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Never mind. A good sanding will see to that.

 

Trevor

 

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Interestingly, the subject of a maritime Vanguard came up recently in the magazine of the Shackleton Association.  It turns out the main reason the Vanguard wasn’t viable was that it wasn’t nearly stable enough at low altitudes.  They might have been able to do something about the speed but that would have been a very different kettle of fish.

 

This was why the UK dropped out; the RAF was insistent on four engines. Don't times change...

 

As we’ve had ETOPS for airliners for more than twenty years now, I suspect this is no longer a problem.

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@pigsty for the speed, maybe a pair of small jets in the rear of the outer engine nacelles much like the phase 3 Shack. Not doing that on this though as it’s taken me ages to get this far 😕

 

Trevor

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Some progress😀

 

After sanding down, several thin coats of brushed matt white brought me here -

 

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Look closely you can see a shadow of some of the windows I filled in. On thinking about it, this is A Good Thing, because I can use them as a placement guide for the window transfers (not yet arrived).

 

The underside required attention. More filling, rubbing and scribing.

 

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Next up, I’ll re mask the fuselage so I can apply the Light Aircraft Grey.

 

Trevor

 

 

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One more push this afternoon.

 

Masking up didn’t take long. I just had to make sure that the demarcation was level on both sides and using a thin strip around the nose to ensure that there was no wonk around the cockpit glazing. I decided that I would have a fancy curve From the root of the tailplane to the horizontal demarcation line. All that was needed there was to cut out a circular piece of masking tape using a sharp knife and a circle template.

 

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In front is a fresh pot of Humbrol 166 aka Light Aircraft Grey. After a thorough stir....

 

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I’m not terribly impressed with its covering abilities. Just like modern acrylics, enamels are rather insipid. I’ll leave it for now and will give another coat tomorrow. I’m not familiar with modern enamels so don’t know how long they take to harden.

 

A random thought. Humbrol have discontinued 166 in their acrylic range hence why I went for the enamel. However, they still appear to offer it as an acrylic in the gift sets. Why 🤔

 

Never mind.

 

Trevor

 

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Postie has just been

 

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Momentary panic on opening the package wondering where the door and window markings were! Phew - separate sheet at the back.


They look very nice indeed with minimal carrier film.

 

I’ll look forward to using these in due course.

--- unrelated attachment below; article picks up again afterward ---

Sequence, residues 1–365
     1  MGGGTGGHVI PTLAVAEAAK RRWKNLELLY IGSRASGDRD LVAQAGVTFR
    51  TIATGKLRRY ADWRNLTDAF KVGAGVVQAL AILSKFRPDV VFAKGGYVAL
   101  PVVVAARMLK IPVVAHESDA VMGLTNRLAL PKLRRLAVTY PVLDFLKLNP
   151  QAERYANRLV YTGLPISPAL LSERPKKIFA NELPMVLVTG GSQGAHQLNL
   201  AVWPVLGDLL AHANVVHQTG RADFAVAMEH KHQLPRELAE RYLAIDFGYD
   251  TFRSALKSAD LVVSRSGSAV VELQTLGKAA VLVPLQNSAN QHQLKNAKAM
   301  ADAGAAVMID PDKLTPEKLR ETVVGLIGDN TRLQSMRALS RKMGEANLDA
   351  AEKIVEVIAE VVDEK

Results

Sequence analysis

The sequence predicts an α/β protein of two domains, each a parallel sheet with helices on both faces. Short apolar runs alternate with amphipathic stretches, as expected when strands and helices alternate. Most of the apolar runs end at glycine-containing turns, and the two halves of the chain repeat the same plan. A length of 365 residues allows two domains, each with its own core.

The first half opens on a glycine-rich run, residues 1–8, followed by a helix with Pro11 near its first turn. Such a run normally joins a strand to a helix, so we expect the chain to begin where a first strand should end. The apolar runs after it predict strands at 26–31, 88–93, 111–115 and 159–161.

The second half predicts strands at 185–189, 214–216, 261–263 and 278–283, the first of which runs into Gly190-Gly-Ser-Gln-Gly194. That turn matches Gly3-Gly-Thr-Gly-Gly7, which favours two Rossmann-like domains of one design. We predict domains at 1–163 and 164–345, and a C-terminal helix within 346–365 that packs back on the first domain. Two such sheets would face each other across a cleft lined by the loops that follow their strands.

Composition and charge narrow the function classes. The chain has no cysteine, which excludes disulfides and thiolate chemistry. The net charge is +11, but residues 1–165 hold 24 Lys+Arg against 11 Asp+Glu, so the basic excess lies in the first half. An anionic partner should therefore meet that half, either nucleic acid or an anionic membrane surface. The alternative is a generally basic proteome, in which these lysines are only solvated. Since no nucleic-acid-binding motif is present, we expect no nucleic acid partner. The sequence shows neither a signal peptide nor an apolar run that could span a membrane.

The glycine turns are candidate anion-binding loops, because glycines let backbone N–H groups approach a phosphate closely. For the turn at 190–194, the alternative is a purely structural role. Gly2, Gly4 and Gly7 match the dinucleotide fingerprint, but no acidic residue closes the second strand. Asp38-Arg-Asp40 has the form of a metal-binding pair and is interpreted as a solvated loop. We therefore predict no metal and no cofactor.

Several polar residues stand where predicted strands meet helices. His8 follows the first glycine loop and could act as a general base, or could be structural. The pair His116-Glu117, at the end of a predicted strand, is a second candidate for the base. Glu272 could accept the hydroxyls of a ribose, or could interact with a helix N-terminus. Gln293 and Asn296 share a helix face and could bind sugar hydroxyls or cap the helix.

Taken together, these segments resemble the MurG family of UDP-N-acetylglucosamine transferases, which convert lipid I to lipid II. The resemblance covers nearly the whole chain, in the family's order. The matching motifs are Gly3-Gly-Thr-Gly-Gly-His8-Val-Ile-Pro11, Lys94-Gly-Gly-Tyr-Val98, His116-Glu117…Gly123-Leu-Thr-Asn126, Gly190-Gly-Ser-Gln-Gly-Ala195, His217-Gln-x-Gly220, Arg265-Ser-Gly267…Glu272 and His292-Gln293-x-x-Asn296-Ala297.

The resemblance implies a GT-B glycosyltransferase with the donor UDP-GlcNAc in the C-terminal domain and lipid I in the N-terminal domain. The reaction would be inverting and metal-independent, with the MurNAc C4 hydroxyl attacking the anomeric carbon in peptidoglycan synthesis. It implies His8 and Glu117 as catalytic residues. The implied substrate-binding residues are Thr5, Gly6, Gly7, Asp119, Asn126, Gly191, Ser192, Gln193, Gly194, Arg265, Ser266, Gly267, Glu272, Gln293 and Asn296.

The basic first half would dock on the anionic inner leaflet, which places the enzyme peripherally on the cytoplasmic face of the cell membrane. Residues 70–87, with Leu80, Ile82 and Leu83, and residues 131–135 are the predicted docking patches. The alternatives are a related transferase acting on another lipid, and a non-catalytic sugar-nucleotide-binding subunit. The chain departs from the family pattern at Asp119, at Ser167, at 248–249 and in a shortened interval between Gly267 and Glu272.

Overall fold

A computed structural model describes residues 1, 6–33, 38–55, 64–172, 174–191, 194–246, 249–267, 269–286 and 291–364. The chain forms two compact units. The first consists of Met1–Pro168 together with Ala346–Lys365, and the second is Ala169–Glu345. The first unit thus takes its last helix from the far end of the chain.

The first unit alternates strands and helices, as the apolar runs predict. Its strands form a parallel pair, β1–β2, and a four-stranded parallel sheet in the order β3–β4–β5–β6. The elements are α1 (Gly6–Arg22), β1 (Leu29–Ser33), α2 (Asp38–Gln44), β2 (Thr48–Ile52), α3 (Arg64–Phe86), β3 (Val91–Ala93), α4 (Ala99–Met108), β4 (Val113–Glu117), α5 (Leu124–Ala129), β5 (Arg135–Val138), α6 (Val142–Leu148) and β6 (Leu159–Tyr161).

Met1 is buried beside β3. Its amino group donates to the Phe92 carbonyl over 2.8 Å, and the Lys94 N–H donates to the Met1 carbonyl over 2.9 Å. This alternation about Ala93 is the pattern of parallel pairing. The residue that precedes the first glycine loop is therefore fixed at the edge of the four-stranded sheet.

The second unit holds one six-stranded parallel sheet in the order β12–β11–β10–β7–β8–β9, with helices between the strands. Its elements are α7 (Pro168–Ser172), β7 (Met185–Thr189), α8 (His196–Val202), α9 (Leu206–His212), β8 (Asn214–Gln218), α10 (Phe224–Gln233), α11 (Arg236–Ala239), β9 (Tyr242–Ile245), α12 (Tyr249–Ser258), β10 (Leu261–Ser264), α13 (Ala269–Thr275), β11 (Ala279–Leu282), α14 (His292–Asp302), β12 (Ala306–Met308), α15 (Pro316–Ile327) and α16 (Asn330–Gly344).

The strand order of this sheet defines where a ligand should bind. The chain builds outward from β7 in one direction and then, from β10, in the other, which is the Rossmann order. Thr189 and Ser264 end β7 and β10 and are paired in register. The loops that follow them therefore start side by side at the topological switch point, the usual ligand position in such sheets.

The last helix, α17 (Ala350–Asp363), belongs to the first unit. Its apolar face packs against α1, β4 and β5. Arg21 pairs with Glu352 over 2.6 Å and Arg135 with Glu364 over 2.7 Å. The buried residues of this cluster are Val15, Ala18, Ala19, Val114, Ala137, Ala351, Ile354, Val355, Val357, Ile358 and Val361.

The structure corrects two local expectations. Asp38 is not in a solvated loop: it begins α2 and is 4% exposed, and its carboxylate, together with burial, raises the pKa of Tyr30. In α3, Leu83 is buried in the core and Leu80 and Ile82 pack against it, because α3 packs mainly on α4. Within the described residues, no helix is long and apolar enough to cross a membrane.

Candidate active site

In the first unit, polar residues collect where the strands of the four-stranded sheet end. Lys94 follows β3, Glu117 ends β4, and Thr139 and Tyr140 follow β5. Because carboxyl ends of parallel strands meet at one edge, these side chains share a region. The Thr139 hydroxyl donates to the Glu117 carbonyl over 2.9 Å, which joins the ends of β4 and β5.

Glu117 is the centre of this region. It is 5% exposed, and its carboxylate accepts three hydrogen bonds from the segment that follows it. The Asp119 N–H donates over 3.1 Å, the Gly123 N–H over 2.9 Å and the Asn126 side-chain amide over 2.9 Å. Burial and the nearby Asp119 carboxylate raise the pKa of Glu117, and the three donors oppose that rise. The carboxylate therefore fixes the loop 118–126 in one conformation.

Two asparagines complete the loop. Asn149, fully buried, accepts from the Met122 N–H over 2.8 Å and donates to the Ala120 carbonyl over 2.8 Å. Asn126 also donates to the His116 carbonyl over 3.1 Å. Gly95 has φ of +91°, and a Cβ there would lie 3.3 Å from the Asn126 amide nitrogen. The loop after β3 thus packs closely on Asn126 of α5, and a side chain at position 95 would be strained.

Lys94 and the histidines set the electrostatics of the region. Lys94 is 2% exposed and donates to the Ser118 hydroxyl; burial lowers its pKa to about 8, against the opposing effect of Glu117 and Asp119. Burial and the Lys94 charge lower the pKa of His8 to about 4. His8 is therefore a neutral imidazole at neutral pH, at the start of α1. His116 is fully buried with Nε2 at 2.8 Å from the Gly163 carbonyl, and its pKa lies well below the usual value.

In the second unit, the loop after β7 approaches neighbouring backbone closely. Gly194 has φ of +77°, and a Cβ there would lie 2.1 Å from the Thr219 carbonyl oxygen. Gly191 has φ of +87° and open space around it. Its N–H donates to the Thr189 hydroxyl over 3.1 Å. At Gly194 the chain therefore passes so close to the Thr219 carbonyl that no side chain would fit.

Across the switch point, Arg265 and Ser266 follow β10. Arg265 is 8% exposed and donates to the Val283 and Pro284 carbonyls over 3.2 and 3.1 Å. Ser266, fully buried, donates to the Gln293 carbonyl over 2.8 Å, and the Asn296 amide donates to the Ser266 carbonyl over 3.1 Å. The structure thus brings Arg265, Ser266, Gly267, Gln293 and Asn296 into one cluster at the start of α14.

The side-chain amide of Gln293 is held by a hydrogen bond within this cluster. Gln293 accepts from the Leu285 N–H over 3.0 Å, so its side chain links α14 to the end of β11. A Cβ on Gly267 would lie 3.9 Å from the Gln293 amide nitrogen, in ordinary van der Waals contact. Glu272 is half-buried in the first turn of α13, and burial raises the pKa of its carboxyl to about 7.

Trevor

 

 

 

 

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Another application today. Not one of Humbrol’s better offerings.

 

I have a 1/48 Hunter underside to paint and the Nimrod was an experiment to see how it performed.....
 

Anyone have details of a brushable alternative please?

 

Trevor

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As the grey has now hardened I thought about removing the fuselage masking.

 

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Not as bad as I thought tbh. Touching up is required underneath the starboard cockpit windows and as this is a hairy stick job, there is a ridge between the grey and white. This latter of course needs attention as the window transfers will lie across the demarcation and so needs to be as smooth as possible. In general, the grey needs a bit of a rub down to smooth it out. I’m out of practice painting larger areas in enamel paint and I’d forgotten how much worse my daubings used to be. Acrylics may be anaemic compared to good old fashioned enamels, but ultimately give better results (and dry faster!).

 

After the sanding/polishing I need to look at that bomb bay.

 

Stay tuned!

 

Trevor

 

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Hello chaps 😁

 

Thought I would do something slightly different today and so decided to fabricate the bomb bay doors. I had previously roughed out and rolled a 10 thou sheet and so spending a couple of minutes measuring and cutting, I had the basic shape. I reinforced the doors by gluing a couple of offcuts to bulk out the insides. 
 

One thing I was unaware of before was whether the doors would snag the inner propellers when open. This provided me with the excuse to blue tack a prop and the doors on the model. Thankfully, there is no snagging.

 

Enough words and now some pictures.

 

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Just thought....I need to check that the undercarriage is long enough!


Onwards and upwards!

 

Trevor

 

 

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  • Max Headroom changed the title to The Alternative Nimrod - now with added identity